• EU citizens: EU citizens have very few requirements in order to find a job in Italy and start their life there.
  • Non-EU citizens: For non-EU citizens, things are harder, since they need a work permit.

In both cases, since many Italians, especially the older ones, don’t speak English or any other language except their own (and maybe a dialect), it’s better for you to learn Italian, at least to an intermediate level, before starting to look for a job there. Highly specialized jobs in a few scientific and engineering fields may be an exception, as English might be accepted as a language in the workplace.

1- How to Work in Italy as a EU Citizen

Holding a Red Pen

All EU citizens have the right to free movement within all the EU countries, which are: Belgium, Bulgaria, Croatia, Cyprus, Denmark, Germany, Estonia, Finland, France, Greece, United Kingdom, Hungary, Ireland, Italy, Latvia, Lithuania, Luxembourg, Malta, The Netherlands, Austria, Poland, Portugal, Romania, Slovenia, Slovakia, Spain, Czech Republic, Sweden.

This means that EU citizens have the right to move and to work in Italy without a special permit. Though they still need to deal with a bit of bureaucracy. In order to be hired in Italy, they need:

  • A valid ID document (passport or identity card).
  • A codice fiscale (“fiscal code”), which is a unique identifier based on full name, place of birth, and birthday. It’s used for a great number of things, from submitting a residency request to getting a library card. Requesting this codice fiscale is pretty simple, especially compared to any other bureaucratic operation in Italy and—good news!—it’s also completely free.

You just have to go to your local Agenzia delle Entrate and issue a request. You’ll immediately receive your code. There are even sites where you can calculate your fiscal code in advance, in case you’re curious.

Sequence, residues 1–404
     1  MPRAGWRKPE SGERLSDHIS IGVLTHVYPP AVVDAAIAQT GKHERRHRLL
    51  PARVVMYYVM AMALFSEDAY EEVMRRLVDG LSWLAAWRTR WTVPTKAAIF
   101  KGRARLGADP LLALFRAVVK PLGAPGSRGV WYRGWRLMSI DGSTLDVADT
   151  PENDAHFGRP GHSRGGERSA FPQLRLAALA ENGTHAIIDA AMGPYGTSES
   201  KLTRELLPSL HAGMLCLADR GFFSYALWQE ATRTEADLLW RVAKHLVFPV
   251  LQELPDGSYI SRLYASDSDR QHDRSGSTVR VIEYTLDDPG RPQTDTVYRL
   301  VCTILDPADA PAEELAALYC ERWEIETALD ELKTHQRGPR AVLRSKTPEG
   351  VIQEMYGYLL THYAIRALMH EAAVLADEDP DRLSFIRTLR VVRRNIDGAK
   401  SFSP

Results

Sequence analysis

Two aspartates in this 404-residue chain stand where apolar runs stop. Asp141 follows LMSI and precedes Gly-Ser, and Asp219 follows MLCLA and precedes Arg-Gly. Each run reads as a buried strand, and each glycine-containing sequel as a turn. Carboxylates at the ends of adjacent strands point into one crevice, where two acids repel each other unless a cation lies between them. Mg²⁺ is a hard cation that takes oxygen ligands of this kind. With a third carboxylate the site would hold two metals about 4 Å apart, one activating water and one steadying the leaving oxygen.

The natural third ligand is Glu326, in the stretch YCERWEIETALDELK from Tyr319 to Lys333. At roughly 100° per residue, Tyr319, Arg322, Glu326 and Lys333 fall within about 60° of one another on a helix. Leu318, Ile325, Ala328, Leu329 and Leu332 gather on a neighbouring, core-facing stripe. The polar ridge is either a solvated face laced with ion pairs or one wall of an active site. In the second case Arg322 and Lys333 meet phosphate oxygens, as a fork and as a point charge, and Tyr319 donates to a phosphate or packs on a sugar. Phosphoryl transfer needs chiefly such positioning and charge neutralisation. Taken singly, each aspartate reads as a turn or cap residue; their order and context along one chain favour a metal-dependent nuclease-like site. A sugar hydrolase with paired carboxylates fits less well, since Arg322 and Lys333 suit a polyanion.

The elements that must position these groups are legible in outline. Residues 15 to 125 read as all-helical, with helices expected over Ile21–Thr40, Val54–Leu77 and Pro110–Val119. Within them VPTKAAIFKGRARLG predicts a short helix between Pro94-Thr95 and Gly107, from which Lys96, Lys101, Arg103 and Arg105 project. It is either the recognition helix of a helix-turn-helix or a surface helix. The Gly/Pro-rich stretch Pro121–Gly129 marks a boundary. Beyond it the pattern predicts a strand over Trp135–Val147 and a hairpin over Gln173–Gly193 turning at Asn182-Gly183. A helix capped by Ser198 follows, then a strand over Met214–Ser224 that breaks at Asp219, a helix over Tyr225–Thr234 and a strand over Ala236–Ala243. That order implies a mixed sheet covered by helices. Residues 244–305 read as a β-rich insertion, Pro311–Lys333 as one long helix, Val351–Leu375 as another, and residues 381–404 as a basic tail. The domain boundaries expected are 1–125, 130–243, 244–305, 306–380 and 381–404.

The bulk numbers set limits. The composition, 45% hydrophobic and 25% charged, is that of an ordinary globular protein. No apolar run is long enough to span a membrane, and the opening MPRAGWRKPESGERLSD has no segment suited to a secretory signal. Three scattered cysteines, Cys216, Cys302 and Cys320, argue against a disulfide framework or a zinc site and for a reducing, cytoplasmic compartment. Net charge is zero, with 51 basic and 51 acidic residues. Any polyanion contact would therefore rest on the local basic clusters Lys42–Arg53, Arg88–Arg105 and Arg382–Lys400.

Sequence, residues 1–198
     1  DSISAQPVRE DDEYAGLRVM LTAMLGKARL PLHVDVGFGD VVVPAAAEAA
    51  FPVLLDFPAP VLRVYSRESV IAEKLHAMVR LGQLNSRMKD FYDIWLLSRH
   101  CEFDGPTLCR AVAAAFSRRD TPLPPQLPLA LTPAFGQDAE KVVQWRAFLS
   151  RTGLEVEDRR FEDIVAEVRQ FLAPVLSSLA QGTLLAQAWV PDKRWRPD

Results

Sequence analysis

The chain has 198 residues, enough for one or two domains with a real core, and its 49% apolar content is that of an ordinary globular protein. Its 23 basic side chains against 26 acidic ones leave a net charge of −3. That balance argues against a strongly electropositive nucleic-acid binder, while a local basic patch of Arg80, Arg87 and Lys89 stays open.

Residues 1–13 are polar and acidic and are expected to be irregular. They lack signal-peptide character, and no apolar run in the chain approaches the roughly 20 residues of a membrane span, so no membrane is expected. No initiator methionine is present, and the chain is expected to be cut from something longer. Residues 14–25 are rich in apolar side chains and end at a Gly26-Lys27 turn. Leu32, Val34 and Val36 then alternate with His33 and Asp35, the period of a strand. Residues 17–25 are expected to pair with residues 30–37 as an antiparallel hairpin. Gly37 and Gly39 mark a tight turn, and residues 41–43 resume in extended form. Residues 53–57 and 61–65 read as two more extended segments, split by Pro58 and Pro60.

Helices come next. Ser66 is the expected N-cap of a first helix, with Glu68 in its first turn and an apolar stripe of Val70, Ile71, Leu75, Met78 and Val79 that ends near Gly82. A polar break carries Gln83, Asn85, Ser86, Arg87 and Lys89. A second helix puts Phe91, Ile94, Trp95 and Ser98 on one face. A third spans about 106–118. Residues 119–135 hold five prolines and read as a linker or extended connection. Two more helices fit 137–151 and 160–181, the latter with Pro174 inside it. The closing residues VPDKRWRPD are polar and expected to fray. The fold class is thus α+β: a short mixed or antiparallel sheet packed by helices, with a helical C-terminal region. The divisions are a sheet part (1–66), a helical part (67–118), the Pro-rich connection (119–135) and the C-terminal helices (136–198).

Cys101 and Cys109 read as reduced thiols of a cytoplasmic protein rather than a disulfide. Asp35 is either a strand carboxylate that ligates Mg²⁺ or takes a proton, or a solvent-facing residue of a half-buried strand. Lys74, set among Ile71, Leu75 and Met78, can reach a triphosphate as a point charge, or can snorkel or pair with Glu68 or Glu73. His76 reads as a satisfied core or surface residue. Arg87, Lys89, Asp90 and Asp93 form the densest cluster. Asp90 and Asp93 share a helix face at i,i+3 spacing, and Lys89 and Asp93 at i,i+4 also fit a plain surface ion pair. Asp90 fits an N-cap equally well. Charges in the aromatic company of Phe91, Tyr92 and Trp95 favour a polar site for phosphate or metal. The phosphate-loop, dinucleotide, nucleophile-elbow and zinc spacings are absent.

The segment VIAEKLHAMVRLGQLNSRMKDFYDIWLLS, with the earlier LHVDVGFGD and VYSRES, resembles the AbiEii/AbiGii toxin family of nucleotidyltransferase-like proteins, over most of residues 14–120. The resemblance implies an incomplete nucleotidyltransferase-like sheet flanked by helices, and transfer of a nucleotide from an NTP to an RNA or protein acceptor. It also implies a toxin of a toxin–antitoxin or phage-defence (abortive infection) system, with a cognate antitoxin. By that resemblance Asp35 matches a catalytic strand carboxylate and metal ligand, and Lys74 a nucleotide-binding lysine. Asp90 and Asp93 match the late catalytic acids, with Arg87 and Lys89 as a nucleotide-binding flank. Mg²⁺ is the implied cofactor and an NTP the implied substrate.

EU citizens have the right to free movement, as we said, but they still need to apply for residency in Italy if they plan to live in the country for more than three months.

2- How to Work in Italy as a Non-EU Citizen

Things get harsher for non-EU citizens. This said, working in Italy as an American is a lot easier than working there as a person from Asia or Africa, due to the different ways non-EU immigrants are generally treated, according to their nationality.

Anyway, this is what they all need:

  • Visa: A Visa is issued for a specific purpose and therefore there are different kinds—tourist visa, student visa, employment visa, and so on. It has an expiry date and it establishes for how long you’ll be allowed to stay in the country. If you have a visa for the Schengen area, you don’t need another one to enter Italy.
  • Residence permit (permesso di soggiorno): Within eight days of entering Italy, you must apply for a residence permit, which is the most important document for a non-EU citizen in Italy. The permit will reflect your visa (so you’ll receive a student permit if you have a student visa, an employment permit if you have an employment visa, and so on) and must be requested to the local Police Headquarters (Questura).

Depending on the kind of permit you need, you have to make a request at the post office or directly at the Questura. Since the matter is complicated, we advise you to seek out more information at a local union office or association. The times for the release of the residence permit can vary greatly, from a few weeks to several months. In the meantime, you must keep the receipt they give you.

2. What You Should Know Before Starting to Work in Italy

Italy’s one of the most developed countries in the world. However, it’s facing a hard economic crisis that’s still far from being resolved. This means that it has a less-vital job market in comparison to other EU countries and a higher unemployment rate (which is 9.7% as of summer 2018). Moreover, undeclared employment is pretty common, regarding at least 3.3-million workers in Italy.

The Italian laws grant equal rights for every person in the job market. There are many different kinds of contracts that an employer can offer you. These are the most used:

  • Permanent contract (contratto a tempo indeterminato): A contract without an expiry date. It can be part-time or full-time.
  • Fixed-term contract (contratto a tempo determinato): A contract with an expiry date, after which it can be renewed or not, according to the employer’s and the employee’s will. It can be part-time or full-time.
  • Interim supply contract (contratto di somministrazione): A contract made between the worker and an agency (agenzia interinale) supplying workers to companies for a short period of time.
  • On-call contract (contratto a chiamata): A contract without a fixed number of hours. The employer can request the employee to work according to the company needs with short notice.
  • Apprenticeship contract (contratto di apprendistato): If you’re younger than 29 years old, you can be hired as an apprentice to learn a job. This kind of contract usually lasts between six months and three years.